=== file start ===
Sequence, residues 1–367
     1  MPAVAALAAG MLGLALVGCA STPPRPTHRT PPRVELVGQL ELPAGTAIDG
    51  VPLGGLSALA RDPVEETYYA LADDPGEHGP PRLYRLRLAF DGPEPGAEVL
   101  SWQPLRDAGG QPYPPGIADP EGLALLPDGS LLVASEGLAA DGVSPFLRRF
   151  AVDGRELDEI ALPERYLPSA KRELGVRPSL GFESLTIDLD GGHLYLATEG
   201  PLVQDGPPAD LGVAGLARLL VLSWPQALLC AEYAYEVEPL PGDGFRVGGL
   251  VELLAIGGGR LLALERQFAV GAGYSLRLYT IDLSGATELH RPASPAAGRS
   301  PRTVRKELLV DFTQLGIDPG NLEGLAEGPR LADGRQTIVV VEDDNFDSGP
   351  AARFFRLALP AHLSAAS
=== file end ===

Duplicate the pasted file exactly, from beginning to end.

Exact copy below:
Sequence, residues 1–367
     1  MPAVAALAAG MLGLALVGCA STPPRPTHRT PPRVELVGQL ELPAGTAIDG
    51  VPLGGLSALA RDPVEETYYA LADDPGEHGP PRLYRLRLAF DGPEPGAEVL
   101  SWQPLRDAGG QPYPPGIADP EGLALLPDGS LLVASEGLAA DGVSPFLRRF
   151  AVDGRELDEI ALPERYLPSA KRELGVRPSL GFESLTIDLD GGHLYLATEG
   201  PLVQDGPPAD LGVAGLARLL VLSWPQALLC AEYAYEVEPL PGDGFRVGGL
   251  VELLAIGGGR LLALERQFAV GAGYSLRLYT IDLSGATELH RPASPAAGRS
   301  PRTVRKELLV DFTQLGIDPG NLEGLAEGPR LADGRQTIVV VEDDNFDSGP
   351  AARFFRLALP AHLSAAS